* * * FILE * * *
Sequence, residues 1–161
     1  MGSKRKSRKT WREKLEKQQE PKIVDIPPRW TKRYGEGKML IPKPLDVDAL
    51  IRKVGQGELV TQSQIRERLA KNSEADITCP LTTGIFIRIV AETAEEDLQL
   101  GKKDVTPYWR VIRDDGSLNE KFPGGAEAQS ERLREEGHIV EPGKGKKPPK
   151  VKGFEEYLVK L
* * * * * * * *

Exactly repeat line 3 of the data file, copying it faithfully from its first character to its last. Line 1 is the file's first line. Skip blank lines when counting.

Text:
    51  IRKVGQGELV TQSQIRERLA KNSEADITCP LTTGIFIRIV AETAEEDLQL